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Long IslandNassau

Town board adopts stricter ethics code

Oyster Bay Town Hall is shown in this

Oyster Bay Town Hall is shown in this photo taken on Sunday, March 27, 2016. Credit: Anthony Lanzilote

Oyster Bay’s town board has adopted a more stringent ethics code that adds restrictions and disclosure requirements. 

The new code, which the town board approved at its Nov. 15 board meeting, expands the ethics board’s powers so that it can impose civil fines of up to $10,000 for violations.

The new code will replace a code last amended in 1990 and will take effect when it is accepted by the New York secretary of state. 

Town officials and employees must recuse themselves from participating in most decisions and actions that may directly or indirectly benefit themselves. It also prohibits officials and employees from playing any role in the hiring, firing, promoting or disciplining of relatives.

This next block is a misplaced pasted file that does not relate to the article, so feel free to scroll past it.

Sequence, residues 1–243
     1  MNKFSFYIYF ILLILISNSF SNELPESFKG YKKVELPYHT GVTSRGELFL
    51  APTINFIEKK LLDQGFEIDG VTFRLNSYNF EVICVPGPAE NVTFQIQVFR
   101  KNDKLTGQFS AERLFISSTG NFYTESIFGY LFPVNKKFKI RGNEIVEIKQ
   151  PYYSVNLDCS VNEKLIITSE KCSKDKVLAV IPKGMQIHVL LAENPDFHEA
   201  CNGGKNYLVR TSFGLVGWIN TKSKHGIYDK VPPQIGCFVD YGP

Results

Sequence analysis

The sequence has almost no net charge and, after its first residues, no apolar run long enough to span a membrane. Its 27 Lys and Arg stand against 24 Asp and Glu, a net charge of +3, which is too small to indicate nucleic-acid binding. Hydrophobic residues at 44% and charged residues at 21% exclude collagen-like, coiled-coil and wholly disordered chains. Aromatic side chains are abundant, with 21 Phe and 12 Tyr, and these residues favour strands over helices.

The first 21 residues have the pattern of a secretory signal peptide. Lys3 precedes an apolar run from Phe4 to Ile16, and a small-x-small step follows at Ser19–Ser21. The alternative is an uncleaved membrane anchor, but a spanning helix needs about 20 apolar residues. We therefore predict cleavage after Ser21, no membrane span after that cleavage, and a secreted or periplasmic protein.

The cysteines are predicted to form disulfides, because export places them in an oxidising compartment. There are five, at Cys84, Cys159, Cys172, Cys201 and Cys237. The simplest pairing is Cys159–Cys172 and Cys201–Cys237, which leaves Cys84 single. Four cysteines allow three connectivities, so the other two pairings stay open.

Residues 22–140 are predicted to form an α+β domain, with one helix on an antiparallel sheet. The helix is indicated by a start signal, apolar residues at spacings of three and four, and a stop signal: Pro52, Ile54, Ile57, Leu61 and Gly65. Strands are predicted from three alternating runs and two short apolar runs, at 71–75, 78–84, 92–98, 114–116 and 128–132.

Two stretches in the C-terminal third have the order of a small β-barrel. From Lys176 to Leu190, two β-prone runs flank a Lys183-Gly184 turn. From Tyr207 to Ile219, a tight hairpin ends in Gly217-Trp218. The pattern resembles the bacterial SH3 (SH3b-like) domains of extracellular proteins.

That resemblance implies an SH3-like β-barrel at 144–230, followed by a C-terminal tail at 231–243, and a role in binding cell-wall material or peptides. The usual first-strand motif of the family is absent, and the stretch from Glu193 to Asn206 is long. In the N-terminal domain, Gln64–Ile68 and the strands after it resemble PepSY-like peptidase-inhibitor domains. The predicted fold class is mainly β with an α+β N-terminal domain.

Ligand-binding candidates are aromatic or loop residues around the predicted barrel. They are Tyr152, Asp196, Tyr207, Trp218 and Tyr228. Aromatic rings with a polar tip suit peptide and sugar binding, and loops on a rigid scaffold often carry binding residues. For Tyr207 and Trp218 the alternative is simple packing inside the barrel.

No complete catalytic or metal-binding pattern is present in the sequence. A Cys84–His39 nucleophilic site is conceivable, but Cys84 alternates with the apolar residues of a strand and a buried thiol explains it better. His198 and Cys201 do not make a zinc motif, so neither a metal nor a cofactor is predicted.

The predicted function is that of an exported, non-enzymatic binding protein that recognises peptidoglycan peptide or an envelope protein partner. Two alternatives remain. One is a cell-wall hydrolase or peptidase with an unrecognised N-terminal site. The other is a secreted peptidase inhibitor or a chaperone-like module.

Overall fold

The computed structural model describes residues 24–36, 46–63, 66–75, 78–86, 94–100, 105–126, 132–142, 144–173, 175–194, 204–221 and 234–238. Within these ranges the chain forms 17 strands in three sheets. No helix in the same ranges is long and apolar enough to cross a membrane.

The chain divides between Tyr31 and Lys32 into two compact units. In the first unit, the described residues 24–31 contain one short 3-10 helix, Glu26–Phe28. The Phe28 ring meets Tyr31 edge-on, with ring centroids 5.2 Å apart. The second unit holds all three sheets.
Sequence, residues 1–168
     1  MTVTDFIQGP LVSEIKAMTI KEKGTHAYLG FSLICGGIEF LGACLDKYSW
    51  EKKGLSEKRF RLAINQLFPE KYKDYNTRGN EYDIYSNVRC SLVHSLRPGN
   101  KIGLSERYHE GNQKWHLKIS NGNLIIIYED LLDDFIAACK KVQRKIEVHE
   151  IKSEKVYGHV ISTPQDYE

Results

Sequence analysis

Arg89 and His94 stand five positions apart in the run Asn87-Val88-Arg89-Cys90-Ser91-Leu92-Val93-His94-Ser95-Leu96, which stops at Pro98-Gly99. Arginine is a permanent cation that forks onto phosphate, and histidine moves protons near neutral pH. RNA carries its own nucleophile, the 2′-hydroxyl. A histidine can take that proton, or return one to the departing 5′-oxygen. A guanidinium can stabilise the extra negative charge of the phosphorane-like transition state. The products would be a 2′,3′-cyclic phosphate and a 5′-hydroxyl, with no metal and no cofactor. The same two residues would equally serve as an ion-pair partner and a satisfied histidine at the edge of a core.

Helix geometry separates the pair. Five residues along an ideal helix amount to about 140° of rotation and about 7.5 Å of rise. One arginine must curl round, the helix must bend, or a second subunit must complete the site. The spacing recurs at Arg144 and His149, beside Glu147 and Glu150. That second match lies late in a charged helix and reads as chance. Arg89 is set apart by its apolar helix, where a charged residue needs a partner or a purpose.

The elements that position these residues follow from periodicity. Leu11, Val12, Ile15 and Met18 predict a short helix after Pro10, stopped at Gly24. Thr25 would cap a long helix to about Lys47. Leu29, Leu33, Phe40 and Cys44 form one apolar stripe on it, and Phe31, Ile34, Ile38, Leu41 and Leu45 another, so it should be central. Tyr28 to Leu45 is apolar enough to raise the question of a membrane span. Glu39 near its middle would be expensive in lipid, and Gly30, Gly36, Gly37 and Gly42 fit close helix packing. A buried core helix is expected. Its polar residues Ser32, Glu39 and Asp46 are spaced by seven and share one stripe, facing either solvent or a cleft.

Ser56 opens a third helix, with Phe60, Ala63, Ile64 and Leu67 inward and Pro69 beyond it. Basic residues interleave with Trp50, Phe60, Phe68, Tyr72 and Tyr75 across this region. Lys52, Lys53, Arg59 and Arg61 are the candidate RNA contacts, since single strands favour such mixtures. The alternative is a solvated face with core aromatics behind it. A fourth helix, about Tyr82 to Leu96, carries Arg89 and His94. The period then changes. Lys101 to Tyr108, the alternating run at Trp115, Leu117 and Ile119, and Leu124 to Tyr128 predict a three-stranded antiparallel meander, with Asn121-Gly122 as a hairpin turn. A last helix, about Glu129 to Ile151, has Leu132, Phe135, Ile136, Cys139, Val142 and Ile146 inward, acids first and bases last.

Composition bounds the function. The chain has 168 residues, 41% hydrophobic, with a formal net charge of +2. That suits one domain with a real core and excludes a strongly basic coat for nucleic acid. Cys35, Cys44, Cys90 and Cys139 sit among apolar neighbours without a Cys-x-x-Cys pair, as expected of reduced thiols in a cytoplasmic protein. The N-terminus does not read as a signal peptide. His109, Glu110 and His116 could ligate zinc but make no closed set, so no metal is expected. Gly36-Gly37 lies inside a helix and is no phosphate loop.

Contractors, lessors and applicants for land-use actions including variances will now have to disclose any town employees and officials who have an interest in their contract, transaction or action sought.

The new code also prohibits town employees and officials from using their position to secure benefits for themselves, relatives, members of their household, clients or anyone who has given them loans or gifts greater than $75 during the previous year. The town’s ethics board will be required to produce an annual report summarizing its activities. 

The code was written by attorney Steven Leventhal of Roslyn-based Leventhal, Cursio, Mullaney & Sliney LLP, who based it on Huntington’s code, which he helped craft.


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